Each of these four pieces appropriates something from the Renaissance repertoire. 'La Bergamasca' and 'La Romanesca' are both bass lines that were commonly used by composers as a basis for variation, and by performers for improvisation. ('La Bergamasca' came with its own melody, but this was not always used.) 'Wat zal men op den Avond doen?', a melody originally from Germany, was used by Jacob van Eyck in his compendium of recorder variations 'Der Fluyten Lusthof' (1649). The title translates as 'What shall we do this evening?', and I believe the lyrics provide a rather saucy answer. 'L'homme armé' ('The Armed Man') is a popular tune from the 15th Century, and was used as the cantus firmus for many settings of the Ordinary of the Mass, in other words, the line of the melody was worked into the polyphonic choral texture.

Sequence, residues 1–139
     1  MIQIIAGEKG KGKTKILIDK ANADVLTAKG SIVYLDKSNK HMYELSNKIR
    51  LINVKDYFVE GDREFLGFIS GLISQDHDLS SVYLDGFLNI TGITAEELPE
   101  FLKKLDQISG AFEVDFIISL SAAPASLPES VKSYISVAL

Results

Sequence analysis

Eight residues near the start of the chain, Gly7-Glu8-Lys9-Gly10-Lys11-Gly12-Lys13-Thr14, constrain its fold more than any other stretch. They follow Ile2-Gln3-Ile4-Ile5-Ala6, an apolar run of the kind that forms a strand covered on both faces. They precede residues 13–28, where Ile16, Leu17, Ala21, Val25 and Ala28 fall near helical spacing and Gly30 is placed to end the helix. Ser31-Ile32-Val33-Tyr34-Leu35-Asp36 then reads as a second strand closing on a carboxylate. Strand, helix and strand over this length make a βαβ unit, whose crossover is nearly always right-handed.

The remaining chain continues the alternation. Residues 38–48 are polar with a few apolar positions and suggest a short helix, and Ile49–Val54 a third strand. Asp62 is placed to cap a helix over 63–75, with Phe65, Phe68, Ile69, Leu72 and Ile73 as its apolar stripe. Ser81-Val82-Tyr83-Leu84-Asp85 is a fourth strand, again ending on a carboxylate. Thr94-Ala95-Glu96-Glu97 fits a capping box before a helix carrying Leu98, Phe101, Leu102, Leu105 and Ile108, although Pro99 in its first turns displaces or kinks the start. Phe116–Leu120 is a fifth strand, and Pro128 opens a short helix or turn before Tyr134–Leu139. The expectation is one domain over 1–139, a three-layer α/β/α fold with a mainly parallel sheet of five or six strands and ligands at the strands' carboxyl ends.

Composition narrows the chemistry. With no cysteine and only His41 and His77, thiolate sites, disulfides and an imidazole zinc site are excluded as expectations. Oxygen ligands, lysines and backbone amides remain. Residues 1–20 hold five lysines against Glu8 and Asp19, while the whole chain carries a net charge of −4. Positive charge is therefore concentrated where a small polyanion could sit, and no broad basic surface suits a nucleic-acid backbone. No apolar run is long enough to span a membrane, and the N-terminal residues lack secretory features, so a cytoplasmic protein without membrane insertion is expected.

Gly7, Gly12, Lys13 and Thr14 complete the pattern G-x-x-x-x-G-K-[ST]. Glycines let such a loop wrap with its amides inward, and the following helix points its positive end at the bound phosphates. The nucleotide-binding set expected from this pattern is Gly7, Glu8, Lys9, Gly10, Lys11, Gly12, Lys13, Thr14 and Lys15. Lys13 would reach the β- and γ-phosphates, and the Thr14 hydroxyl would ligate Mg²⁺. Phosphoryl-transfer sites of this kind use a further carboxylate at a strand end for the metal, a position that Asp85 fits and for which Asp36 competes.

The melodies used have been given a new setting in this suite. 'La Bergamasca' is reinterpreted as a bombastic Stravinskian prelude, followed by a placid chanson version of 'L'homme armé'. 'Wat zal men op den Avond doen?' is set as a lively musette, which, given its title, has more than a hint of bagpipes in the texture. A stately pavan on 'La Romanesca' rounds off proceedings, with a further nod to Stravinsky in the final cadence.